By: Michael Shear
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In his fundraising speech in Atlanta on Monday, Obama made the political argument that is the foundation of the Democratic message this fall, but with a twist. Like before, he said the election this fall is a choice, between going forward (with his policies) or going backward (to those of the Republicans). But then he added a line that he hasn't used much since the campaign.
"They don't have a single idea that's different from George Bush's ideas -- not one," he said, invoking the former president directly by name and linking the GOP of today to his unpopular predecessor.
That message tracks closely with, though is probably not a result of, a recent poll making the rounds on Capitol Hill in the past several days. Paid for by the liberal-leaning Third Way think tank and conducted by Democratic pollster Pete Brodnitz of the Benenson Strategy Group, the poll had some interesting findings.
Chief among them was this startling nugget: that only 25 percent of the Americans surveyed thought that the current Republican leadership wanted to return to the economic policies of the Bush administration.
If true, that would appear to undercut the basic Democratic message for the election. In an interview Tuesday, Brodnitz said that "voters don't necessarily assume that today's Republicans will repeat the policies of the past. I personally feel like today's Republicans are getting away with murder."
The answer, Brodnitz said, is for Democrats to become much more explicit about connecting the Republicans of this Congress to Bush's policies, from which the country sharply departed at the end of 2008.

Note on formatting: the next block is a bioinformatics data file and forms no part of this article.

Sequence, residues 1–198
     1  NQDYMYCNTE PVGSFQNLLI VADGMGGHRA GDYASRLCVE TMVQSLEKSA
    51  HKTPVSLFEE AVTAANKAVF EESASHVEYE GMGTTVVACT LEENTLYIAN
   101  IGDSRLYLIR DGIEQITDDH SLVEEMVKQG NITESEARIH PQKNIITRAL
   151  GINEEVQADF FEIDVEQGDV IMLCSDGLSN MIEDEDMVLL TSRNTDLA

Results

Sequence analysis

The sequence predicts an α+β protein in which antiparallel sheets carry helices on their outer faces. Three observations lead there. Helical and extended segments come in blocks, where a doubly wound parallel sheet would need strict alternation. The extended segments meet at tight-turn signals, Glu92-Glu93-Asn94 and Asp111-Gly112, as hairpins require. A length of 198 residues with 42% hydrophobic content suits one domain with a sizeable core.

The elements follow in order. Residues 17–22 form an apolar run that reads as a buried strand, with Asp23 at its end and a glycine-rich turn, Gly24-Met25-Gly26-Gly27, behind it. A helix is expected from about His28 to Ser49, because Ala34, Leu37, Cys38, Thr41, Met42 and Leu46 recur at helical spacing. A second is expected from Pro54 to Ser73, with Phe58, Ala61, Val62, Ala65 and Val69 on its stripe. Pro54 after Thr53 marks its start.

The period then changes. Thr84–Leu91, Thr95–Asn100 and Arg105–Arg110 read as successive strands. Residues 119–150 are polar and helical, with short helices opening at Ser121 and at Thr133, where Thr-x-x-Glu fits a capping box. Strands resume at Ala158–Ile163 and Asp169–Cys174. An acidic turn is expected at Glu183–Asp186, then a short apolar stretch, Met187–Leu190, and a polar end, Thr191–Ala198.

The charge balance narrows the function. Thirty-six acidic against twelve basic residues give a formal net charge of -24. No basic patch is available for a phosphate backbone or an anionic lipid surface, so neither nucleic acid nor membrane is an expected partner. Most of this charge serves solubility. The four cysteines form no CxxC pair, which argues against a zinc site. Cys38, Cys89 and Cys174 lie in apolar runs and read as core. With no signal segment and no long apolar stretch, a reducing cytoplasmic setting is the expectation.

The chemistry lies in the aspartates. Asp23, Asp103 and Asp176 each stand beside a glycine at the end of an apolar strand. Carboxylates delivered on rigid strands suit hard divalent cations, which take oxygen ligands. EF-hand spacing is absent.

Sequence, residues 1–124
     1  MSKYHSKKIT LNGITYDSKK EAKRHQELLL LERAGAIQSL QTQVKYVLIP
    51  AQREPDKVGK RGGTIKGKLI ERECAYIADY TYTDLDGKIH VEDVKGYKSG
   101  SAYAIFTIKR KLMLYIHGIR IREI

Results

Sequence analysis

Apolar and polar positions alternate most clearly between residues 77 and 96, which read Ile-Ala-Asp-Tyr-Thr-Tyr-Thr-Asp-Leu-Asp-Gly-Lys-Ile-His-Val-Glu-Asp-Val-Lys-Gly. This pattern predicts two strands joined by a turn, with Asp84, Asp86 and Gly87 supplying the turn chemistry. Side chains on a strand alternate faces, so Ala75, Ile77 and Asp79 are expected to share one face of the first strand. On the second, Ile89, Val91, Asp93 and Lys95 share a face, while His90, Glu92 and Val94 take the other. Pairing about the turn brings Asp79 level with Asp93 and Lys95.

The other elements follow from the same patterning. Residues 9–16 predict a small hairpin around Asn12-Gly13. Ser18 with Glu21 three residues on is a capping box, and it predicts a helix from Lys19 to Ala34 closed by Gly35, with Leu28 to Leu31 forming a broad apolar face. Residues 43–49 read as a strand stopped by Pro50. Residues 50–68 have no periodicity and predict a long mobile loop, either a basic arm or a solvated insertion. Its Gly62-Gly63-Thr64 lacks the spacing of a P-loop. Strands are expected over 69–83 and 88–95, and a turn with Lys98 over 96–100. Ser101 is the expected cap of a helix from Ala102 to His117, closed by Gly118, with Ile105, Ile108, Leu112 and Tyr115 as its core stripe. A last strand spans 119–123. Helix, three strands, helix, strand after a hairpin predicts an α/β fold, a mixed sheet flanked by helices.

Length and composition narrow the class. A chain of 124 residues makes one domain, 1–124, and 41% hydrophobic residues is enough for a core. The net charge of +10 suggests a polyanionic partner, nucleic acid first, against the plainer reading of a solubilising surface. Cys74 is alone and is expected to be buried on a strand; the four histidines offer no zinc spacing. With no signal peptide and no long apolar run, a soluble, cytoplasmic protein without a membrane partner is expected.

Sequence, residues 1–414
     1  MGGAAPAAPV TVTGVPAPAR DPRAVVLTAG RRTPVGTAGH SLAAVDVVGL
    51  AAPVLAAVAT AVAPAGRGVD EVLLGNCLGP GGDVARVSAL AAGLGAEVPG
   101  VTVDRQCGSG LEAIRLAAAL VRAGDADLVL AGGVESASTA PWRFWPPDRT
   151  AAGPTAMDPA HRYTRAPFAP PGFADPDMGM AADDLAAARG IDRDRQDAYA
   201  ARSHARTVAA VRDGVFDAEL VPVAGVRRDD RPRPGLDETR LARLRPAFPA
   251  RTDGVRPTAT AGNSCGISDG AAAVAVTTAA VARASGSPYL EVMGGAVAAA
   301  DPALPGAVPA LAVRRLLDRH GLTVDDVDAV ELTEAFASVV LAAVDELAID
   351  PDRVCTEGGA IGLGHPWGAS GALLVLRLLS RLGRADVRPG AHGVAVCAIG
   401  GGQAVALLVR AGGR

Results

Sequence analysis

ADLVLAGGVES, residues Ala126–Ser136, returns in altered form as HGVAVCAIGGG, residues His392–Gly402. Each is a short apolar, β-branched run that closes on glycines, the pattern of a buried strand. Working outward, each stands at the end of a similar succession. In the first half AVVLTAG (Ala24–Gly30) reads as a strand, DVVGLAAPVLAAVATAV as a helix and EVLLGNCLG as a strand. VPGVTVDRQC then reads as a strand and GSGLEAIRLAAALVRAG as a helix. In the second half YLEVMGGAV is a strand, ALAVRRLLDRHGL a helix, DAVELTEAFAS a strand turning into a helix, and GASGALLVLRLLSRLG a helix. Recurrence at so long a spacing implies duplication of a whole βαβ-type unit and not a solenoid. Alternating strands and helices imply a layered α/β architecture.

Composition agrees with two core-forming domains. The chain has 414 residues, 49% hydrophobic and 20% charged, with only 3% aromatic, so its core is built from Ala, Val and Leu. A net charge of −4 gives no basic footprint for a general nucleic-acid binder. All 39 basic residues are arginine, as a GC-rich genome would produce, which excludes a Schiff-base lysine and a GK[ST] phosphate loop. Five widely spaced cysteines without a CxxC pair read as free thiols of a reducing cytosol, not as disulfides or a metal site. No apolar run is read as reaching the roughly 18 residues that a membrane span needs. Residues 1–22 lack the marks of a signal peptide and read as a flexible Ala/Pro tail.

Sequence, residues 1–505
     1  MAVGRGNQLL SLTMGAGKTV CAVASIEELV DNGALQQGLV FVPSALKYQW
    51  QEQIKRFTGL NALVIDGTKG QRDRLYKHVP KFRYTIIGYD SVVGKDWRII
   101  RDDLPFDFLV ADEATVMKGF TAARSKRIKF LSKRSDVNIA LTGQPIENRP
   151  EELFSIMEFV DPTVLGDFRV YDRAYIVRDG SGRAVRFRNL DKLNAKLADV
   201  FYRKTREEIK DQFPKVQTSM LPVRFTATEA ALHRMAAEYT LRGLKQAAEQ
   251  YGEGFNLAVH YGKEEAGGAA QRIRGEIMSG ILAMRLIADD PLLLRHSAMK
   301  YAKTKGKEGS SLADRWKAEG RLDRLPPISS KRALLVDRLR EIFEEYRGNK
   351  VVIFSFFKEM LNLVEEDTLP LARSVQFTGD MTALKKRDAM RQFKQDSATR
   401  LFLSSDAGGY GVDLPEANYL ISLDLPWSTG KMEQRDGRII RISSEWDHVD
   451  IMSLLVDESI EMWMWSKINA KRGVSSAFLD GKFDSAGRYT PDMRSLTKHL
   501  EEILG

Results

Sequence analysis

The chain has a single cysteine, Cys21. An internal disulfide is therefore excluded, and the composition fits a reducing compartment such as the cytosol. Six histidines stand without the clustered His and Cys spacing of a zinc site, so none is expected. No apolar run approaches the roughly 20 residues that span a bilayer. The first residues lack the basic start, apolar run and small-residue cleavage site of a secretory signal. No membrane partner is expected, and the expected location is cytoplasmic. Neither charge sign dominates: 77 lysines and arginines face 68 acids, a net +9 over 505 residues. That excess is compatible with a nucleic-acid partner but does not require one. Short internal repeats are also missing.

"When people understand that's the choice, it favors Obama," he said. "We really have to point out that is the choice." (Like maybe saying that the current GOP doesn't have a "single idea" that is different from Bush? Where have we heard that before?)
But there's a danger in heading too far in that direction. Elections are about the future, not the past, and making the 2010 elections all about Bush risks trying to replay the last election when the voters have moved on.
Surveys have suggested that people believe Obama owns the economy now, despite a recognition of how bad things were when he started. Blaming Bush was the centerpiece of the 2006 election cycle and again in 2008. A third time may not be a charm.
Brodnitz argues there's a way to do both. "An effective way to do it is to show that in the future, what you're looking at is going back to the failed policies of the past."
It seems like the president and his allies are prepared to make that argument. Whether it works or not will be determined in about three months.
The future is now
And if there was any doubt that the message will be oft-repeated, here's the advance guidance from the White House about the president's remarks Wednesday morning to the AFL-CIO.
"The president will discuss the steps we have taken to rebuild the economy and create jobs, and the fact that while we have a long way to go, we are headed in the right direction. The president will continue to lay out the choice we face on the economy today: whether to move forward on new ways to create jobs and strengthen our recovery, or go back to the failed policies of the past that led to a decade of economic insecurity for the middle class, culminating in a recession that has cost 8 million jobs."